Saturday, February 17, 2007

Minue Quote

A good minue quote to remind myself how important it is to get out my board and actually play sequences on the board, instead of just clicking through them on the computer.

"Go is learned by your hands, not by your head. There is very weird myth of learning Go. ==> 'I watched tutor's review, and explanation, (private, or free or whatever,like kgs plus) and I understand what he explained . So I learned a LOT.'

It is completely wrong.

This is just like this ==> 'I am an aikido practioner, and today, in my dojo, I watched my master's demonstration, and I understand how his skills works. ok. I learned a lot!'

In fact, he has not learned anything yet. To learn it, he must practice the skills many times, by his body, not by his head. If not, he can not use the skill."

Go is learned by our hands, not by our head, just like aikido practice"

Wise words. So I am getting my goban out more often again to study, instead of sitting at the computer where I distract myself too much anyway.


ChiyoDad said...

Whoa. I'm confused. What is minue saying exactly?

In martial arts, like any sport, we rely on muscle memory. We train our bodies so that the unnatural acts of combat become "natural" as the situation demands it (you just "do it" in a state of "no mind").

This is a form of habit-programming so that the mind no longer needs to think. Is minue saying that we need to hard-code our Go moves into our mind-body system?

Sorin Gherman said...

I don't think it matters how you make your moves - physically placing stones on the board, or through mouse-clicks, or just dictating the coordinates to someone else (Fujiwara-no-Sai style :-) ) - really, Go IS learned by our brains, not our hands.

(Although, on a jokingly note: Tei Meiko 9d used to say that when playing teaching games with amateurs, only his hands got tired, not his brain :-) )

I understand the analogy with martial-arts, watching the master vs. practicing his moves, but the analogy in Go would be watching the master's game vs. replaying it, say. Replaying it is definitely better than just passively watching, and it's one reason behind the "one way to improve is to learn 100 pro games by heart" advice.

All these being said, I do find much greater pleasure in replaying games on a real goban.

Minue622 said...

I will assume readers would be so naive like a 7yo girl.

and Here is a very straight-forward explanation of the real message of my advice, not using any simple rhetorical expression.

==> watching lesson of your Go tutor is not the end of learning, but just beginning of learning.

For example, let's assume our Go tutor will review on our recent game in some days

Then, Do self-reivew and analysis on ur own, before taking ur Go tutor's review. and comare ur own analysis to ur go tutor's reivew, and check what u missed in ur self revew.

But, we are usually so busy with our real life stuff, so may not be able to do self review as prepartion.

then, at least, you should replay
variations and anaylsis on ur real
board (if u dont have a real board,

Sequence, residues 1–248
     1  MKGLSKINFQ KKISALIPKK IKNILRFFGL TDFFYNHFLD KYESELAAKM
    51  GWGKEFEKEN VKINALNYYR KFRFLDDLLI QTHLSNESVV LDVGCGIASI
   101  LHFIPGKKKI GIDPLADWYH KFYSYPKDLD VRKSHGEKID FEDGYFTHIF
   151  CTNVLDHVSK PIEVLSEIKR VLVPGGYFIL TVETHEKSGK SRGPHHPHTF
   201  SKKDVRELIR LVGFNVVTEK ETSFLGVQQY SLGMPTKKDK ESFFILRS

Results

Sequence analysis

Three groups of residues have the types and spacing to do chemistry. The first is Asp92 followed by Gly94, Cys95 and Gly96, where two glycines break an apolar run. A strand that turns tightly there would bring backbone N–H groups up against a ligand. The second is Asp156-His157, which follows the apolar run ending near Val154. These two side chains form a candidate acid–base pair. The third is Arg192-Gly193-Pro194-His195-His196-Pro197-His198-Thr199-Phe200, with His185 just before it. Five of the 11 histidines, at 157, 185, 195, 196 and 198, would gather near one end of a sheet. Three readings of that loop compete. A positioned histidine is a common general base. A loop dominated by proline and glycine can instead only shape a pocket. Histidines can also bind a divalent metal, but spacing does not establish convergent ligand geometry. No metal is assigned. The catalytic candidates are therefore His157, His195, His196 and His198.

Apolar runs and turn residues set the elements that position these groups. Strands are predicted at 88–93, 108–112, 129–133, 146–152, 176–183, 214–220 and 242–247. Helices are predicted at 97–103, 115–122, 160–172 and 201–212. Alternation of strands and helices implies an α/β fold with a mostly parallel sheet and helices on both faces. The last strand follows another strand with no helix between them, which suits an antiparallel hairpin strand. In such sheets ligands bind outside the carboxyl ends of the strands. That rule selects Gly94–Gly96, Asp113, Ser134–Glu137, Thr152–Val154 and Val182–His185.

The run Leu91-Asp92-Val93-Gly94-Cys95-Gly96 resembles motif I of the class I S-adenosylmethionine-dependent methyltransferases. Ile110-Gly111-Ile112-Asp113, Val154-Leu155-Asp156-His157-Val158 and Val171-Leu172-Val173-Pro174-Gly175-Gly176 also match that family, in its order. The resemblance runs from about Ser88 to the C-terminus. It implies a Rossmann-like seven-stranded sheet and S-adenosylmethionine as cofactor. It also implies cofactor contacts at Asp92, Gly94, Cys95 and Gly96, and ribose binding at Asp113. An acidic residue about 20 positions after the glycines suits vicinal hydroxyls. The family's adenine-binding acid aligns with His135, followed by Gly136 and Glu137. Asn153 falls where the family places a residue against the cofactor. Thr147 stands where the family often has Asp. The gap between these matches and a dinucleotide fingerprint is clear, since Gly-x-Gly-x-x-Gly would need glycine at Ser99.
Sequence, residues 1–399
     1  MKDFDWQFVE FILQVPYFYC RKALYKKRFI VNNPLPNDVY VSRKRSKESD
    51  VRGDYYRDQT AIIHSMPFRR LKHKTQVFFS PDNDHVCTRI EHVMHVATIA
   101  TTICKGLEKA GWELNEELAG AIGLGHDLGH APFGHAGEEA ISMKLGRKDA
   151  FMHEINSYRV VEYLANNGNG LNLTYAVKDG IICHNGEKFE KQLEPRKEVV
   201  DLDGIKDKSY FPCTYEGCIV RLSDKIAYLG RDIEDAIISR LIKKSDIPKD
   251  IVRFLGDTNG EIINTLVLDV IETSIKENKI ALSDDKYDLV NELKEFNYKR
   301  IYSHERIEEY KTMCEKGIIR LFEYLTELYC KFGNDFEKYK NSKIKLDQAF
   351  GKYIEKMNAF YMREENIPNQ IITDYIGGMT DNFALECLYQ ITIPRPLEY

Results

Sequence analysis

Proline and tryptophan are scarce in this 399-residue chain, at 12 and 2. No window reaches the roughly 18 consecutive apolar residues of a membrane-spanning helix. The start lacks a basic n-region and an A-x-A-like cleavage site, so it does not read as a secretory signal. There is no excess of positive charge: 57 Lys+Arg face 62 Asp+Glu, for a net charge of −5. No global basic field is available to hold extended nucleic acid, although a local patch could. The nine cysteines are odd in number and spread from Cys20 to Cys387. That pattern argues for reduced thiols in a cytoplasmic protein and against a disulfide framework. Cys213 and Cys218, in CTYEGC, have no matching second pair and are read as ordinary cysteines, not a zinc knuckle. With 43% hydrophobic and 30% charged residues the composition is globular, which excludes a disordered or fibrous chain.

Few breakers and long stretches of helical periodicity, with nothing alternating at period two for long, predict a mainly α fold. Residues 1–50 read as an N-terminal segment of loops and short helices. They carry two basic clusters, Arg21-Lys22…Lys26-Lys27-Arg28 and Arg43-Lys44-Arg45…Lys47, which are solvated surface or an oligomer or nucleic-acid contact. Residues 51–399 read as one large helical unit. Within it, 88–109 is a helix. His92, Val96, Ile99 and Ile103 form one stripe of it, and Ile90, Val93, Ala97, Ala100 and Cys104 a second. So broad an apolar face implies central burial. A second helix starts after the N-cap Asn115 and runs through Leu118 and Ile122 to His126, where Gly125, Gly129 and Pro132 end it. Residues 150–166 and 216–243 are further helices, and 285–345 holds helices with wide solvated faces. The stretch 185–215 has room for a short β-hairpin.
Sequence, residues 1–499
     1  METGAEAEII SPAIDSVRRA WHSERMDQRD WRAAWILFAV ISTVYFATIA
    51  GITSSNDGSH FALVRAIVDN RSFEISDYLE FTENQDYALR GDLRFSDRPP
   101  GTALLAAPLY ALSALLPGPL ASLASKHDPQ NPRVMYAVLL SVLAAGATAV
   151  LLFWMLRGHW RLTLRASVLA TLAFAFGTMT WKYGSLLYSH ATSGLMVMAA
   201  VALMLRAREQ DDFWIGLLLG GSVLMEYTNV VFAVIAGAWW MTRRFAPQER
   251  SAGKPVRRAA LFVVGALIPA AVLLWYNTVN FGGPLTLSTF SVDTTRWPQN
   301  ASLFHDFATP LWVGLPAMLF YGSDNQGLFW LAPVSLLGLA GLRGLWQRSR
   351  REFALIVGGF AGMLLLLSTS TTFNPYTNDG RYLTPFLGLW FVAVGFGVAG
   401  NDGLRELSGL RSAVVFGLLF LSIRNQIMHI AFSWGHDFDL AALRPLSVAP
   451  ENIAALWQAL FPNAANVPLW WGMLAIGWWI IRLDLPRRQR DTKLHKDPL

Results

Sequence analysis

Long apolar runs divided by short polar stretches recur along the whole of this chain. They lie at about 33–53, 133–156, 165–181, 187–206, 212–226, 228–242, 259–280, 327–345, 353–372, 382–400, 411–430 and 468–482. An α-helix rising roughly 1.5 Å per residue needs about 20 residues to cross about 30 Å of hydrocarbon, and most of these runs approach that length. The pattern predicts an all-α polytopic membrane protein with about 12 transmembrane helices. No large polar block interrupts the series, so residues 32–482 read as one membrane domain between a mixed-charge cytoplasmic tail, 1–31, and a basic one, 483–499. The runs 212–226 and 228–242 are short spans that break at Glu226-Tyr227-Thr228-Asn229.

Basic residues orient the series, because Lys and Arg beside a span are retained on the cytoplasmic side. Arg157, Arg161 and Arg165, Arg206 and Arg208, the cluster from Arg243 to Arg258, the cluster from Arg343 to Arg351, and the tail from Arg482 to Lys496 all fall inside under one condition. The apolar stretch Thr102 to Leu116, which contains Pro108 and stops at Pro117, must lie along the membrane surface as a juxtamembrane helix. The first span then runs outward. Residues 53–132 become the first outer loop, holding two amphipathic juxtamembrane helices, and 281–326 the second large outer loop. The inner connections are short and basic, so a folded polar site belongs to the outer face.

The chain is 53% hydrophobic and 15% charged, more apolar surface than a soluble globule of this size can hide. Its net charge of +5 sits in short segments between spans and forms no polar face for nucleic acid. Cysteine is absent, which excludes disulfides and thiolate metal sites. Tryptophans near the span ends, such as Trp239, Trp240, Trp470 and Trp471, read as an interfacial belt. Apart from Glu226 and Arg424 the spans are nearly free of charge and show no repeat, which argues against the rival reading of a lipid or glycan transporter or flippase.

then use comp go ban), and examine
why and how his suggestion is better and works, and also should check if there is something wrong with his variations.

Ideally, you should be able to explain every points of ur go tutor's review to other ppl easily . (teaching is the best way to learn)

So, don't think that u can learn something good, just by seeing ur go turor's suggestion passively, saying "oh cool, nice,, blah blah" in ur lesson time.

A bit exaggerating, it's no more than enyoing ur Go tutor's "Go review show". Of course, it's not bad to enjoy a good Go review show by someone, but, enjoying Go review show itslef is not enough for ur improvement.

One more thign to point.

it certainly "Matters" how u make ur moves from my experience (including others)

Playing out on the real board is
the best, replaying on comp board is not that bad, Following sequencec by clicking ur mouse is not recommendable , but better than doing nothing.

borrowing my freind's speaking (who is a weak Go player, but a professonal computer programmer), when u study programming, After reading some the book, (or chapters) it's the best to
type examplary codes by ur hands ,and the second is to use "copy and paste" codes and run it.

Reading codes by ur eyes is not that recomemable, but better than doing nothihng. Same for Go.

When u read a joseki book, replay variations on your board.

when u watch Go tutor's review on ur game or pro games, replay the game sequence and variations on the board, and examine and explore other possibilities on ur own after ur lesson.

When u watch pro's real game on broadcasting (for example, via padook T.V), replay the game on ur board and check which move is not understandale to you.

Here is a summary.

Just as you can't be programmer just by reading many programming books on ur eyes withoug any practice on ur hands. Same for Go.

It is what i meant by "learn by ur hands ,not by ur brains". If someone can not catch the real meaning of this simple rhertorical expression, taking it as literally,, well......too naive?

A bit surprized...
My advice in nanny's quote was for adults who can undertand rhetorics, not for innocent 7yo girl...